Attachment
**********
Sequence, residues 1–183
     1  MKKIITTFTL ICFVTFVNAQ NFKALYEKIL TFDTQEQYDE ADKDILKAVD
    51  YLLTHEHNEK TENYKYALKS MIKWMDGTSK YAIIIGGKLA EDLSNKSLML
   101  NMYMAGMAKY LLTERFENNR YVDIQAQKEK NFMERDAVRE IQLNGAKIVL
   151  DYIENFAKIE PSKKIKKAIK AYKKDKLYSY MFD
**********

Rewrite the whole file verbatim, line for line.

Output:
Sequence, residues 1–183
     1  MKKIITTFTL ICFVTFVNAQ NFKALYEKIL TFDTQEQYDE ADKDILKAVD
    51  YLLTHEHNEK TENYKYALKS MIKWMDGTSK YAIIIGGKLA EDLSNKSLML
   101  NMYMAGMAKY LLTERFENNR YVDIQAQKEK NFMERDAVRE IQLNGAKIVL
   151  DYIENFAKIE PSKKIKKAIK AYKKDKLYSY MFD